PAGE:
Runway Friction Surveys During Winter Ops

Runway Friction Surveys During Winter Operations

FAA Advisory Circular 150/5200-30A, Change 4, titled "Airport Winter Safety and Operations" provides guidance to assist airport owners/operators in the development of an acceptable airport snow and ice control program and to provide guidance on appropriate field condition reporting procedures. In addition to the usefulness for efficient snow and ice removal, field condition reports can enhance aircraft safety when provided to pilots during winter operations. For this reason, many airports use runway friction measurement equipment to provide an indication of the existing friction on runways contaminated by snow or ice during aircraft operations and during snow removal operations. However, there are certain conditions when friction testing should not be attempted because it may lead to erroneous readings. For example, friction testing should not be made on loose snow over 1 inches (2.5cm) or slush over 1/8 inch (3mm) deep.

The FAA's performance specifications for Continuous Friction Measurement Equipment (CFME) were developed from trials conducted at NASA's Wallops Island Flight Facility, and are specifically intended for maintenance measurements of pavement micro-texture on the runway surface. Further information on the guidelines, procedures, and performance specifications for Continuous Friction Measurement Equipment (CFME), may be found in FAA Advisory Circular 150/5320-12C, titled "Measurement, Construction and Maintenance of Skid Resistant Airport Pavement Surfaces." The certification procedures are conducted on a variety of textured surfaces in order to assure repeatability and correlation. This certification process is used for FAA correlation testing prior to qualifying equipment for Airport Improvement Program (AIP) funding. The correlation tests use the self-watering feature of the vehicles, which apply a thin film of water (0.04in. or1mm), directly in front of the measurement tire to simulate rain wet conditions.

One of the four surfaces utilized to develop the data is comprised of aluminum panels to simulate a low texture surface. The wet aluminum panels produce a surface with an average coefficient of friction (mu) below 0.10. All of the approved friction measuring devices correlate well at both 40 and 60 mph on the aluminum panels. Although this system works well when the CFME's are utilized for maintenance surveys, the self-watering feature of the vehicle is not used for winter operations. With the introduction of new friction devices to the international aviation community and the increased pressure on airports for more accurate field condition reports, the need to examine the correlation of the FAA approved devices during winter operations has become necessary.

The specific goals of the FAA's Airport Technology R & D Branch are: 1) to study the feasibility of expanding the limitations on the use of the Continuous Friction Measurement Equipment (CFME) during winter operations, and 2) to examine the correlation of the approved friction measurement devices during winter operations.

FAA's Dynatest Friction Test Vehicle on winter contaminated test bed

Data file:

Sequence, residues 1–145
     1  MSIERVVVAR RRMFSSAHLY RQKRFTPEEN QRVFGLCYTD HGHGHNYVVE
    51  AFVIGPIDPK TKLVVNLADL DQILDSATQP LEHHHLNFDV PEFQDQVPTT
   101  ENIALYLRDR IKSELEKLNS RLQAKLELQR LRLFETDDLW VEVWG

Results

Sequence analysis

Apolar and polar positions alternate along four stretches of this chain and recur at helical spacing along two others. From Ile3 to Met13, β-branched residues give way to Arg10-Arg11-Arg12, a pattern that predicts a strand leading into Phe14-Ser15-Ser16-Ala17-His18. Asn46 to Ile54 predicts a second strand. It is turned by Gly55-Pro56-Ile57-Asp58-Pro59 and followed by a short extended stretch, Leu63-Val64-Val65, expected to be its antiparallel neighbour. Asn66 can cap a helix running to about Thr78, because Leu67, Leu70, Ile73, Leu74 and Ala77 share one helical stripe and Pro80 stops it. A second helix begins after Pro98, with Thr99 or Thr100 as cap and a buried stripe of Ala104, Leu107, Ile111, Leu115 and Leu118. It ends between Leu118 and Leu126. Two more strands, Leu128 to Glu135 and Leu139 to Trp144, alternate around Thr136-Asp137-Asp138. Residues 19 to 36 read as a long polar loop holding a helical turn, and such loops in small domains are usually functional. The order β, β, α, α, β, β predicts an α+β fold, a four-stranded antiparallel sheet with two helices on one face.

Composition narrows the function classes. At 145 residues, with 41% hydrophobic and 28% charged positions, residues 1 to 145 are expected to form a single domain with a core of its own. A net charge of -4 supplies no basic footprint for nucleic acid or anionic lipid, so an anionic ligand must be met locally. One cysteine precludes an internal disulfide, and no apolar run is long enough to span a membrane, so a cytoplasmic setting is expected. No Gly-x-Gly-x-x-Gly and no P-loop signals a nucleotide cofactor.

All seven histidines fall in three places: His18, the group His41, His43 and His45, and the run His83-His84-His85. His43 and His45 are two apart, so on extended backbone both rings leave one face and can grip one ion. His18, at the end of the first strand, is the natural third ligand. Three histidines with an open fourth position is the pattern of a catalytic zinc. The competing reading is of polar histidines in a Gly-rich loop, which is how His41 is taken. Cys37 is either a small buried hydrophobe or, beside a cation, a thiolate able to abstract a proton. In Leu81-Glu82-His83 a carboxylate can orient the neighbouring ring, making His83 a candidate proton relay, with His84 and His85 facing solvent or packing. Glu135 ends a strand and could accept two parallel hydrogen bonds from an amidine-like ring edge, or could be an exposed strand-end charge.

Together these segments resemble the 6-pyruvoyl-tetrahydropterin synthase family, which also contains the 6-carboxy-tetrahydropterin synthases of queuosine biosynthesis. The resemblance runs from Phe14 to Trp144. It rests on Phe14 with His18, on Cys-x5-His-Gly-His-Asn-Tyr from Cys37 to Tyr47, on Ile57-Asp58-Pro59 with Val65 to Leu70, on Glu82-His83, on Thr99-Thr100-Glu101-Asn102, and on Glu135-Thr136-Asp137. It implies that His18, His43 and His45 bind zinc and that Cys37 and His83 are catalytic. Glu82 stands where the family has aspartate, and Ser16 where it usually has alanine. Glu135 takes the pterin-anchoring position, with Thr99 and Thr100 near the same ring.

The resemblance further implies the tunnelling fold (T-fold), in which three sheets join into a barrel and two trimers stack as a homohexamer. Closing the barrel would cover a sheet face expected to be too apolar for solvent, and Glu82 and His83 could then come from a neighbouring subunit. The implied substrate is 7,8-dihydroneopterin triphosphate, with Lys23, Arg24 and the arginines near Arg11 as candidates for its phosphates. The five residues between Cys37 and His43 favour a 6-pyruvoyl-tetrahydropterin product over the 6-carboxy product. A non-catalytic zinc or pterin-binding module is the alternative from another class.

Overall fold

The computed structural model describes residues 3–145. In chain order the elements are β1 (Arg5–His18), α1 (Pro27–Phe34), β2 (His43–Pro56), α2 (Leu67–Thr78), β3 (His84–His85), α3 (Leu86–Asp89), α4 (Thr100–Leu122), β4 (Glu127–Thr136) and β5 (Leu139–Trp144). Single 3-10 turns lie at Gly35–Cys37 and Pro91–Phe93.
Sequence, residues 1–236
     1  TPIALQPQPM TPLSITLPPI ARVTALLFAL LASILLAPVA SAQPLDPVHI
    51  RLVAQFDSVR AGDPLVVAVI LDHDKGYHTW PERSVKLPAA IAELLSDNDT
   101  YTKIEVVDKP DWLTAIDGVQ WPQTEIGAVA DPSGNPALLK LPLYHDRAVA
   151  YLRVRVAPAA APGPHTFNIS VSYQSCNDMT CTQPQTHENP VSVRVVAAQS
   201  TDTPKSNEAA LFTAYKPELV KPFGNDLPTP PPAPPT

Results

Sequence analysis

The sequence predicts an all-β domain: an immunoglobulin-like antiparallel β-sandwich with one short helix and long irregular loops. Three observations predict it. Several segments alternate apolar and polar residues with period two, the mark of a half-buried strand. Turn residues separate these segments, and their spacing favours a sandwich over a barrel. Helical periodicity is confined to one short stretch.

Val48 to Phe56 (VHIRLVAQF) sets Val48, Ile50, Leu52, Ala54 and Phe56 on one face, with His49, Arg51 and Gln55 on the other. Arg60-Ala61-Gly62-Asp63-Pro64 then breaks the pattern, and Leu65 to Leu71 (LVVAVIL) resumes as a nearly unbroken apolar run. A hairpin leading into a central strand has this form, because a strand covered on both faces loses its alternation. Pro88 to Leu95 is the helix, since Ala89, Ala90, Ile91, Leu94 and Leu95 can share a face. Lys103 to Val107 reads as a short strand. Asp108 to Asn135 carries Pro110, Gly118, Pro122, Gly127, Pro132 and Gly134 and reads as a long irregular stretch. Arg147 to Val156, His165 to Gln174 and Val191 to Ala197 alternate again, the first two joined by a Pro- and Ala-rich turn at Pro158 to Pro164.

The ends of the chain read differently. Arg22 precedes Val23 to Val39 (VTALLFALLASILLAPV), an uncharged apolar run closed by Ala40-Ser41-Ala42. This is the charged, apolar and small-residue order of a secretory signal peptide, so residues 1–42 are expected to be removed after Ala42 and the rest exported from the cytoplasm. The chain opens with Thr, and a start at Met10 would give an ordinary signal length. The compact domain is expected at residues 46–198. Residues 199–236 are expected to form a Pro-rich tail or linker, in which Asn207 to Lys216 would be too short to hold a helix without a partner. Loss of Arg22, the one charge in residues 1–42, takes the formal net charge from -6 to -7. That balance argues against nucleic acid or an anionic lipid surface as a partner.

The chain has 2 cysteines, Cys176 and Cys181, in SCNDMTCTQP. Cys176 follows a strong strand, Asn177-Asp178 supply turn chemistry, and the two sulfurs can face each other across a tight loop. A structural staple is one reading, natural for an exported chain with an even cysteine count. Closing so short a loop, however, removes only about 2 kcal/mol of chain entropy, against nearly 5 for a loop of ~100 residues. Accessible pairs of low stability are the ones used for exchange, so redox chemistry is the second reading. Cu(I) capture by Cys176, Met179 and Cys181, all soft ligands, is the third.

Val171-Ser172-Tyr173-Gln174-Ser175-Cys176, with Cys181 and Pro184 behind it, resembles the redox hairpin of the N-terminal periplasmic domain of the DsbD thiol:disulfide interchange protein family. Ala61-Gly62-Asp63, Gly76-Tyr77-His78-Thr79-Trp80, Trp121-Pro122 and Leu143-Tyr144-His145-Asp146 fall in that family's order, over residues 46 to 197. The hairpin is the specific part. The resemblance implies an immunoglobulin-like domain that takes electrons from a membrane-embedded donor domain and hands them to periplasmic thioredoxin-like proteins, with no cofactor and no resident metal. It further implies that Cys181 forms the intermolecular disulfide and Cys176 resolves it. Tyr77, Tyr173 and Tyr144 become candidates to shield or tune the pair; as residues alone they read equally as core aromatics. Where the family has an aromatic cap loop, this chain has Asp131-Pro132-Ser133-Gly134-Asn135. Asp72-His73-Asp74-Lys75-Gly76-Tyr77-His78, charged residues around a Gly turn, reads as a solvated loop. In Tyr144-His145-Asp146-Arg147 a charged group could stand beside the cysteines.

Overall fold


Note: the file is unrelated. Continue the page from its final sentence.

FAA's Saab Friction Test Vehicle on winter contaminated test be

These research efforts are being conducted in cooperation with the Joint Winter Runway Friction Test Program. The overall program is a joint effort with Transport Canada and NASA and focuses on advancing safe operations of aircraft when winter contaminates are present on the runway surface.

The joint effort is carefully examining the interface between aircraft braking performance and reported friction data to accurately predict the aircraft stopping distance requirements on winter contaminated surfaces. The two specific objectives of the Airport Technology R & D Branch, Airport R&D, are connected with the joint program objectives. The cooperative effort allows sharing of data and leveraging of resources to further understand the complexities involved with accurate measurement and reporting procedures for winter contaminated runways. The Joint Winter Runway Friction Test Program is a series of agreements with a five-year life span. Three years of testing at Jack Garland International Airport in North Bay, Ontario, Canada has provided a wealth of data which is under review by experts from industry and government. Preliminary analysis has been completed, with reports from the lead agencies expected shortly. The American Society for Testing and Materials (ASTM) E-17 Committee has established a series of sub-committees to consolidate the standardization process. The testing protocol for this winter has been established and is currently under review.

FAA's B-727 aircraft on winter contaminated test bed

Transport Canada's Falcon 20 aircraft on winter contaminated test bed

Related Documents:

"An Evaluation of Winter Operational Runway Friction Measurement Equipment, Procedures, and Research", submitted by the Winter Runway Friction Measurement and Reporting Working Group, January, 1995

TP 12584E, "Aircraft tire braking friction under winter conditions: laboratory testing", Fleet Technology Ltd., 1996

TP 12943, "Proceedings of the international meeting on aircraft performance on contaminated runways/Compte rendu de la Réunion internationale sur la performance des avions utilisant despistes chargées de contaminants", TDC, 1996

Contact Project Lead: Nick Subbotin, ANG-E261

Other points of contact:

Tom Yager NASA Langley Research Center

Angelo Boccanfuso Transportation Development Center

Last Update: 04/02/12